Hydrogen generation from serpentinization of iron-rich olivine on Mars, icy moons, and other planetary bodies

1Thomas M.McCollom,2Frieder Klein,1Mitchell Ramba
Icarus (in Press) Link to Article [https://doi.org/10.1016/j.icarus.2021.114754]
1Laboratory for Atmospheric and Space Physics, University of Colorado, Boulder, CO 80309, USA
2Woods Hole Oceanographic Institution, Wood Hole, MA 02543, USA
Copyright Elsevier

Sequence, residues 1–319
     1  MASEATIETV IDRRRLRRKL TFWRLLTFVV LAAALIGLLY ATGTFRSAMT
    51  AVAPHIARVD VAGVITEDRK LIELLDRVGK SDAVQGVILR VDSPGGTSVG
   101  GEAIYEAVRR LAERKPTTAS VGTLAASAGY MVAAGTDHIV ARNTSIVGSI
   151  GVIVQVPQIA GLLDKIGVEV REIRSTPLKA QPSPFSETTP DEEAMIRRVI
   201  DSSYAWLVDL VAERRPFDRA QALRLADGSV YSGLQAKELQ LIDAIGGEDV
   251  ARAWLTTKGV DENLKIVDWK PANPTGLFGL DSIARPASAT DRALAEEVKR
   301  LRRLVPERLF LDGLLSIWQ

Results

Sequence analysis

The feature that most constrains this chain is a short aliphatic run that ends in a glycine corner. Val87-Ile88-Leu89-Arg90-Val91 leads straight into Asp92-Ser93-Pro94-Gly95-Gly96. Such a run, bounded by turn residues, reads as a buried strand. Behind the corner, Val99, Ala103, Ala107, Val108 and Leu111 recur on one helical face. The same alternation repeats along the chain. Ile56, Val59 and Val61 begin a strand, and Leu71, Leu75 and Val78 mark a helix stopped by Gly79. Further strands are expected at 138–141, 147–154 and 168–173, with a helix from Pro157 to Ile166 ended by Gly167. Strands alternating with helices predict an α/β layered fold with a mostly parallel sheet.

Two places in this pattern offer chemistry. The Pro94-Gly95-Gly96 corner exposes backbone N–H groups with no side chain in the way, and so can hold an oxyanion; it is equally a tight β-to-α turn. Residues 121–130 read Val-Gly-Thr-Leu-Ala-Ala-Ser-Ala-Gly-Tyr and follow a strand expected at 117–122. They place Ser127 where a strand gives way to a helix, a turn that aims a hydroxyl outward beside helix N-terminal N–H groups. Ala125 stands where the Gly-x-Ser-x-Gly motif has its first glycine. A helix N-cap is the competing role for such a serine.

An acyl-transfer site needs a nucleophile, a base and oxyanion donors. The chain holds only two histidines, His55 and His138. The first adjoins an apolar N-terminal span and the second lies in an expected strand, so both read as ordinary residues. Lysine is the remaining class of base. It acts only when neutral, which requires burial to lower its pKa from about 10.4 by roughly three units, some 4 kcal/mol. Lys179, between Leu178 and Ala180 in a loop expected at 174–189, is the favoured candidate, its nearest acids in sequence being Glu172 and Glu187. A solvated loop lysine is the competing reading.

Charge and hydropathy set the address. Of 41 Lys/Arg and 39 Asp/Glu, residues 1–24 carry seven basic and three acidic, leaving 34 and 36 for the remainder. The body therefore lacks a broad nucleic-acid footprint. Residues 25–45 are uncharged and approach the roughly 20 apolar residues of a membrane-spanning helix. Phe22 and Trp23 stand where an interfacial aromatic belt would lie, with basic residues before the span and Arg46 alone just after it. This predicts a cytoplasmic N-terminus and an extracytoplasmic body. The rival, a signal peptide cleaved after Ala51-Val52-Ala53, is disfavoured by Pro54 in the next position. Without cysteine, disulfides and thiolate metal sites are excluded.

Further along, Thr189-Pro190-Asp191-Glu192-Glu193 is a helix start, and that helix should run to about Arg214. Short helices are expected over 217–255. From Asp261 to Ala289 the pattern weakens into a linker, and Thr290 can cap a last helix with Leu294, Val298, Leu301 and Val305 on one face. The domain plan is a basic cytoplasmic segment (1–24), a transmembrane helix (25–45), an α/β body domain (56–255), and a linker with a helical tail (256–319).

Serpentinization of olivine-rich ultramafic rocks is increasingly recognized to have been widespread in the solar system throughout its history. This process has gained particular attention among planetary scientists because it generates molecular hydrogen (H2) and methane (CH4), compounds that can supply metabolic energy to biological communities and contribute to greenhouse warming of planetary atmospheres. While serpentinization of olivine has been the subject of numerous experimental and theoretical studies over the years, this work has focused almost exclusively on the magnesium-rich olivine that is characteristic of the terrestrial mantle. In contrast, very few studies have examined serpentinization of the more iron-enriched olivine compositions that may be more common in other rocky planetary bodies in the solar system. Accordingly, a series of thermodynamic models were constructed to investigate secondary mineral formation and H2 generation during serpentinization of olivine as a function of Fe content and temperature. The results show that serpentinization of Fe-rich olivine is capable of generating substantially greater amounts of H2 per mole than is observed for serpentinization of Mg-rich olivine, by a factor of two to ten depending on temperature and olivine composition. For all olivine compositions, H2 is generated from ferric Fe incorporated into both magnetite and serpentine at higher temperatures; however, it is derived exclusively from precipitation of serpentine at lower temperatures as brucite replaces magnetite in the equilibrium secondary mineral assemblage. Serpentine and brucite formed during serpentinization are predicted to become increasingly enriched in Fe with greater Fe content of the original olivine, although the serpentine has proportionally lower Fe contents than the olivine while brucite has somewhat higher Fe contents. Between 10% and 40% of the Fe partitioned into serpentine occurs in the ferric state (FeIII), which accounts for a substantial fraction of H2 production for most conditions. In addition, the maximum temperature at which olivine undergoes serpentinization decreases with increasing Fe content of the olivine, so that Fe-enriched olivine can remain stable to lower temperatures when compared with more Mg-rich olivine compositions. Overall, the results indicate that serpentinization on other planetary bodies may have a substantially greater capacity to supply H2 to support biological communities and enhance atmospheric greenhouse warming than analogous processes on Earth.

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